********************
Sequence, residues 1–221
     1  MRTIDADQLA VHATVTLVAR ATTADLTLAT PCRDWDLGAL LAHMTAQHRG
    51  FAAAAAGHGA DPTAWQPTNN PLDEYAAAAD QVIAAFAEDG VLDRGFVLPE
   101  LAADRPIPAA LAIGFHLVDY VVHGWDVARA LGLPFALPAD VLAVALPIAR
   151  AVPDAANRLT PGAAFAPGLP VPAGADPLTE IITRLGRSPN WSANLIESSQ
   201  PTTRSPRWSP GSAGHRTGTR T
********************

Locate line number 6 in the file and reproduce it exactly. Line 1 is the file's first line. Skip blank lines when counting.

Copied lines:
   201  PTTRSPRWSP GSAGHRTGTR T